Choose what you say, and how you say it to customers carefully
In some cases, complaints from angry clients or upset customers will be about your store or service and nothing else. Other times, the customer’s agitation may actually stem from something else happening in their life – unrelated to their experience with your business.
Whatever the case may be, your starting place should be the same.
Always begin by taking a deep breath and acknowledging the problem.
Even if you can’t solve the situation immediately — like an out-of-stock item or a long wait for a table — ignoring the problem just makes things worse.
Apologizing is wise. But it only has the desired effect if you do it thoughtfully. Consider the following multi-step approach for best results:
Mirror the customer’s tone of voice. Shouting back is never an option, but meeting the customer’s formal or casual language is always smart.
Acknowledge the problem directly — no hedging or excuses. Then apologize for their experience and the feelings it may be causing.
Move beyond emotions at the surface to understand the root cause. Is it the wait time, or that they tried to speak to the hostess and were brushed off?
Provide resolution option(s) and timelines. Tell them what you can do, who else has to sign off and how long it will take to make it all happen.
Clarify their desired outcome. If applicable, immediately follow through on their selection and thank them for their time.
Customers care about solutions more than apologies. There’s a place for both, but keep in mind that an apology full of empty, generic phrases with no clear path to resolution won’t win the day or turn a one-star Yelp review into a ringing endorsement.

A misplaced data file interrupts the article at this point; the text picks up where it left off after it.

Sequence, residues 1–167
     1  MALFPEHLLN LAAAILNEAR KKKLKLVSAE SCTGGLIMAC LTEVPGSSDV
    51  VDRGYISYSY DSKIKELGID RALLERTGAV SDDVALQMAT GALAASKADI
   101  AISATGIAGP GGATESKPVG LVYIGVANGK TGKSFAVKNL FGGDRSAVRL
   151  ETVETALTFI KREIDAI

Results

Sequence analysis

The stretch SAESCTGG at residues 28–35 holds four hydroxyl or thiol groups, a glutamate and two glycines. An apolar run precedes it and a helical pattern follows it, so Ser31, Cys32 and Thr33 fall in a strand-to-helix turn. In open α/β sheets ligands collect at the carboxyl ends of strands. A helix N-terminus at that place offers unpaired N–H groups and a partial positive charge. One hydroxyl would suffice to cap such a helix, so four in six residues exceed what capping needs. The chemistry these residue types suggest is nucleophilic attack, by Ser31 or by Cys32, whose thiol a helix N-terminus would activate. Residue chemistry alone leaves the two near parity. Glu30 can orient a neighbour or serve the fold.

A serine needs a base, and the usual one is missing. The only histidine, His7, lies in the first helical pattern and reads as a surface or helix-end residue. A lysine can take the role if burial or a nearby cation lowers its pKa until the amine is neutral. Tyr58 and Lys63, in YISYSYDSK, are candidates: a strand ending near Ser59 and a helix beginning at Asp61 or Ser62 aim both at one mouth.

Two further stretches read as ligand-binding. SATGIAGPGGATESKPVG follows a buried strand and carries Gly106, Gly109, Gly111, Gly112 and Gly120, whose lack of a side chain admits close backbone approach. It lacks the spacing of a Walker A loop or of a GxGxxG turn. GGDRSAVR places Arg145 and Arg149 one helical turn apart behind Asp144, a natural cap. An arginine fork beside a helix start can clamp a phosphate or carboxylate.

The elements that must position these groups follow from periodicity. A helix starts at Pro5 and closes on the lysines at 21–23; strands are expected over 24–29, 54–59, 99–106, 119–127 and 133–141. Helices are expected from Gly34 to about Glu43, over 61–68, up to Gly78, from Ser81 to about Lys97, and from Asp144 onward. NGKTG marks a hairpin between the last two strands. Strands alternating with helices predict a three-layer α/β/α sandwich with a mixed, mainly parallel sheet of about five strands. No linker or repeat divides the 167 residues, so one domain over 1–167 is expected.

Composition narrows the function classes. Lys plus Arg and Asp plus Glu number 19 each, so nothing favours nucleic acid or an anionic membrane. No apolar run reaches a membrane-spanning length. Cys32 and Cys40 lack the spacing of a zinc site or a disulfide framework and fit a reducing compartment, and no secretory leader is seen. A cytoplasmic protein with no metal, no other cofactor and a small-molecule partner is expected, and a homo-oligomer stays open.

…and before we move on, here’s the disclaimer you may have seen coming: We’re not so naive as to think that every situation will be simple to address. Situations will arise where you can’t make it right, because doing what the customer asks would mean jeopardizing safety, federal or state mandates or another firm boundary. We’ll discuss what to do in these cases a little later in this piece.
Take their request seriously, not personally
This may seem like a given — but it can be very helpful guidance for employees new to handling tense situations.
Instead of taking feedback or criticism personally, try to think of it as a learning opportunity. Complaints can be full of insights that help customer service teams improve.
Another tucked in benefit is the possibility that the one customer who spoke up is giving a voice to a number of other unhappy but silent customers. Finding a long-term solution to their complaint could mean winning the hearts of many customers.
The harsh reality is that every situation won’t be fixable — like a zipper on dress from your boutique that broke at her sister’s wedding, or catered food for his parents’ 50th anniversary party showing up late and cold.
But you should always respond. Even if you can’t truly make it right. Showing customers some empathy goes a long way. Through it all, make sure you focus on their goal and what you can do.
Try these sample responses on for size:
“It’s not acceptable that your food didn’t arrive on time. That must have been incredibly disappointing on a special day, and I’m so sorry it happened. I’d like to refund your order total and give you a 15% off coupon for your next visit. Does that help set things right?”
“I know you shop here for quality clothing, and this dress is not in line with those standards. I’m so sorry the zipper broke, particularly during a big event that’s already stressful. It is outside of our return window, but I’d like to offer you a store voucher for the same amount you purchased it for — $60. Is there anything else I can do to address your concerns?”
Handling with care when it all goes wrong
Despite your best efforts, you can’t always make an upset customer feel better. An unreasonable customer experiencing an overblown reaction probably won’t be open to a calm conversation. Contrary to the popular saying, the customer isn’t always right, after all. A time may come when an irate customer acts out in a way that makes staff feel uncomfortable or unsafe. In these situations it is crucial to respond appropriately to protect your employee.